Conventional farmers use chemical fertilizers made from fossil fuels.
Then they mess with the dirt to make the plants grow.
They do this because they’ve stripped the soil from all nutrients
from growing the same crop over and over again.
Next more harmful chemicals are sprayed on fruits and vegetables.
Like pesticides and herbicides to kill weeds and bugs.
When it rains, these chemicals seep into the ground,
or rise into our waterways, poisoning our water, too.
His personal goal:
A while back, I wanted to be an NFL footall player.
I decided I’d rather be an organic farmer instead.
That way I can have a greater impact on the world.
He’s got a turn of phrase:
We can either pay the farmer, or we can pay the hospital.
Farmland is green space, even though most people don’t think of it that way. It is a significant contributor to environmental quality. As AFT states, “Farm and ranch lands provide food and cover for wildlife, help control flooding, protect wetlands and watersheds, and maintain air quality. They can absorb and filter wastewater and provide groundwater recharge. New energy crops even have the potential to replace fossil fuels.”
And there’s more:
Farmland provides fiscal stability to local governments and boosts the economy. It does this by contributing to a community’s infrastructure and helps a local economy through sales, job creation, and support services or businesses.
One of the most unique of these support services is tourism, or more specifically, agri-tourism. There are plenty of places that people visit to see rural scenery or to enjoy the food or drink of a specific region including the wineries in California’s Napa Valley, or popular farm stays like those found in Italy, and increasingly, here in the United States.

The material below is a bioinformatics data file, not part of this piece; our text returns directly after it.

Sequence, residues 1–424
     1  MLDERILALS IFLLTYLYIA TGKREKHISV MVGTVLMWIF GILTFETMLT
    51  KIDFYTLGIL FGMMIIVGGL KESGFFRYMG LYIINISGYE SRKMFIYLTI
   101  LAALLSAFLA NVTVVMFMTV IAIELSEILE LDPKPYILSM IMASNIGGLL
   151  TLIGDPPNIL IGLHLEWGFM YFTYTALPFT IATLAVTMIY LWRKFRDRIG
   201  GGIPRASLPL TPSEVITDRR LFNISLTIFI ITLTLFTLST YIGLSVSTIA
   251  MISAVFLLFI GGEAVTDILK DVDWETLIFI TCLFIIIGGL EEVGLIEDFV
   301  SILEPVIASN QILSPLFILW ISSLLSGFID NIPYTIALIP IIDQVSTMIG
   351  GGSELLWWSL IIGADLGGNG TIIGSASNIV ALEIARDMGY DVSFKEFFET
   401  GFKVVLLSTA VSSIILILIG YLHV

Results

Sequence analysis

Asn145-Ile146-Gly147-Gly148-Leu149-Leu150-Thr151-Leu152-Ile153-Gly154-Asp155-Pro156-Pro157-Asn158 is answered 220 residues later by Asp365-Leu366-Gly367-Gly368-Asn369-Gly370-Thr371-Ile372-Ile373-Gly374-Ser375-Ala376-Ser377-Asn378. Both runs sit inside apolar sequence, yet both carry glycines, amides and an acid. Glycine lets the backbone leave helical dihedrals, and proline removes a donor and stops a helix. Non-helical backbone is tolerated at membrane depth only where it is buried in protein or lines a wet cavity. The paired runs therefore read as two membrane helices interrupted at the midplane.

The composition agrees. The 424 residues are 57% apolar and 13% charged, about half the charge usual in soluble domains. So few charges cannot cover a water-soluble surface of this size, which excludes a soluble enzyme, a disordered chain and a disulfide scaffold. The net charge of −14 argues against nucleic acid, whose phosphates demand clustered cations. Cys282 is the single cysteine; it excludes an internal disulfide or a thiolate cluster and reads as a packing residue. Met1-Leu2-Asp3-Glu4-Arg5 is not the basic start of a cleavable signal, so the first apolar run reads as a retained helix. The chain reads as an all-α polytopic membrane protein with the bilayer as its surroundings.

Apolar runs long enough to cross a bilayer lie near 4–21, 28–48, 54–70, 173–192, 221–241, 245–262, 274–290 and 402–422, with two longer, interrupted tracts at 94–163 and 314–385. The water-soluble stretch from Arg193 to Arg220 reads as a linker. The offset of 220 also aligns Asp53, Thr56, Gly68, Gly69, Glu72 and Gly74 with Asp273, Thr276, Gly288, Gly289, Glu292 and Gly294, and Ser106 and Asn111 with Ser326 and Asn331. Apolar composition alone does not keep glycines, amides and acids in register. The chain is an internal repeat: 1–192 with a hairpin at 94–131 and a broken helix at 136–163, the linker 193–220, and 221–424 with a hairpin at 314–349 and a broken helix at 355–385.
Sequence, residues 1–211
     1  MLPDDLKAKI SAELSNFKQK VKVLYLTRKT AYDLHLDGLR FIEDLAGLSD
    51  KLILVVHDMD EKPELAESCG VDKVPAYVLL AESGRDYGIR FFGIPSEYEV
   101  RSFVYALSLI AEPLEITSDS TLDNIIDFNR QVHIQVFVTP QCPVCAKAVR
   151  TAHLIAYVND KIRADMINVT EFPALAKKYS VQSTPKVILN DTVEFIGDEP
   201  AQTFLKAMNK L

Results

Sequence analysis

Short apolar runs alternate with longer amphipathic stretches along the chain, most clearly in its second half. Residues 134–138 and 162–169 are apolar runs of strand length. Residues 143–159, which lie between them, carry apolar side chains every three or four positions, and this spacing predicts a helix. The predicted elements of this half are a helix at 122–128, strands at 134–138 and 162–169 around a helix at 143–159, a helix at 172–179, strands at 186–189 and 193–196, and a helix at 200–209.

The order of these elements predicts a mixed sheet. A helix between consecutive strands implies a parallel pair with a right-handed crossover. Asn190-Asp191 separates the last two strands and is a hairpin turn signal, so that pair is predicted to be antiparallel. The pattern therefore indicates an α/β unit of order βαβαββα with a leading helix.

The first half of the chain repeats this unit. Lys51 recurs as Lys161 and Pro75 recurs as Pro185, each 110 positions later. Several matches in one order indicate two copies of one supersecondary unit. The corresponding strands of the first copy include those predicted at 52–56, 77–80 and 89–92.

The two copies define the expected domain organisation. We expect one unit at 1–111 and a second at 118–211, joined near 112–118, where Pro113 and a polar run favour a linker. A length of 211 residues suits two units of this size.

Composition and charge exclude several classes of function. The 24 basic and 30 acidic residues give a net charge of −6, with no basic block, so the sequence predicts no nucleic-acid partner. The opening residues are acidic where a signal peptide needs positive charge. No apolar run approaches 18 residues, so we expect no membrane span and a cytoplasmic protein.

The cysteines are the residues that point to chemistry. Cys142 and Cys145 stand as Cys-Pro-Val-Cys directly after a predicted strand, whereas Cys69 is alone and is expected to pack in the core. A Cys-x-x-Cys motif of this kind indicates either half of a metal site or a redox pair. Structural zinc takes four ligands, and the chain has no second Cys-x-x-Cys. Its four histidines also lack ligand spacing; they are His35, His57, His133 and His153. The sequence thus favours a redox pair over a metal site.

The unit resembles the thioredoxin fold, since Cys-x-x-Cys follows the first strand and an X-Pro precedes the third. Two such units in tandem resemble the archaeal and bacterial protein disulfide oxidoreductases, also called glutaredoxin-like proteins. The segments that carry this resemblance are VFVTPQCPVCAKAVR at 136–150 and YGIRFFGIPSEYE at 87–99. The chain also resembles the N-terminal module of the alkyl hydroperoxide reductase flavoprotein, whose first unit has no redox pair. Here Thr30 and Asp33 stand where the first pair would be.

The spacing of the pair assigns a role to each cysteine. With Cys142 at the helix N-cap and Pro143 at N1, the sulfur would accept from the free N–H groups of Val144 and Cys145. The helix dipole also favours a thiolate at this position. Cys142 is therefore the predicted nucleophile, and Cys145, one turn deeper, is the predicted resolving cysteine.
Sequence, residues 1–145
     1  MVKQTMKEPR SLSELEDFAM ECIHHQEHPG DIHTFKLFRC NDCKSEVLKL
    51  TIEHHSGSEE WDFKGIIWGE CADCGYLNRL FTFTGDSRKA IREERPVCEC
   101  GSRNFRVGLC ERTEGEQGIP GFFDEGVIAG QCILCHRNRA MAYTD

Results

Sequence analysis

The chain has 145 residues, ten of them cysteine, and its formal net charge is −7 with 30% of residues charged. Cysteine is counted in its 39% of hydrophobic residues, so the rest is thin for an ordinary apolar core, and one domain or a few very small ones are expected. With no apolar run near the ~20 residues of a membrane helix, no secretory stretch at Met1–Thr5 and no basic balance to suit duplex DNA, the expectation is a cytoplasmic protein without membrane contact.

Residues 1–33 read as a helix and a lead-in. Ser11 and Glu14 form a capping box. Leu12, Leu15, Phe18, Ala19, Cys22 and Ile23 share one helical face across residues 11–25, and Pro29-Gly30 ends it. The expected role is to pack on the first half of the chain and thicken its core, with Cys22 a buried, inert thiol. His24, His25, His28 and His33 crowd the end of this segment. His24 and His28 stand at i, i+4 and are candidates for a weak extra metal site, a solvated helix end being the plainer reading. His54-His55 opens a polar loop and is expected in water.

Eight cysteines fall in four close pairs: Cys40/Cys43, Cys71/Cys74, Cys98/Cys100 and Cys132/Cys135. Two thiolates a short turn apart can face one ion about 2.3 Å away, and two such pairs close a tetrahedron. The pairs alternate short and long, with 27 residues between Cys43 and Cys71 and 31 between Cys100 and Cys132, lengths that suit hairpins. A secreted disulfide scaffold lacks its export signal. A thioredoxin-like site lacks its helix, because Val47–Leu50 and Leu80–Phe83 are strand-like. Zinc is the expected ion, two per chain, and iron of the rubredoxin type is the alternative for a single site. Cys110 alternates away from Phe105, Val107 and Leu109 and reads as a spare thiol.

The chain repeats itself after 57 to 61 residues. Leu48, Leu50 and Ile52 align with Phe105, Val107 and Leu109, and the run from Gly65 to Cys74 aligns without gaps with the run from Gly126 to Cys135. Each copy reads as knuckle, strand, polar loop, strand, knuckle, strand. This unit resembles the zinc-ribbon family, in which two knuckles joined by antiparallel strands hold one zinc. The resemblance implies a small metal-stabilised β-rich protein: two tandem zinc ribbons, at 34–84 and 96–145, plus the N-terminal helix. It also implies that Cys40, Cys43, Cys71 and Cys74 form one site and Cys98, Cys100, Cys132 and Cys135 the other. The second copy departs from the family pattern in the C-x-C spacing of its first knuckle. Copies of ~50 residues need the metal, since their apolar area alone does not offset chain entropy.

There are some plans afoot about agrotourism in Lowndes County.
An expert panel that advises the president on cancer said Thursday that Americans are facing “grievous harm” from chemicals in the air, food and water that have largely gone unregulated and ignored.
The President’s Cancer Panel called for a new national strategy that focuses on such threats in the environment and workplaces.
Epidemiologists have long maintained that tobacco use, diet and other factors are responsible for most cancers, and that chemicals and pollutants cause only a small portion — perhaps 5 percent.
The presidential panel said that figure has been “grossly underestimated” but it did not provide a new estimate.
“With the growing body of evidence linking environmental exposures to cancer, the public is becoming increasingly aware of the unacceptable burden of cancer resulting from environmental and occupational exposures that could have been prevented through appropriate national action,” the panel wrote in a report released Thursday.
Federal chemical laws are weak, funding for research and enforcement is inadequate, and regulatory responsibilities are split among too many agencies, the panel found.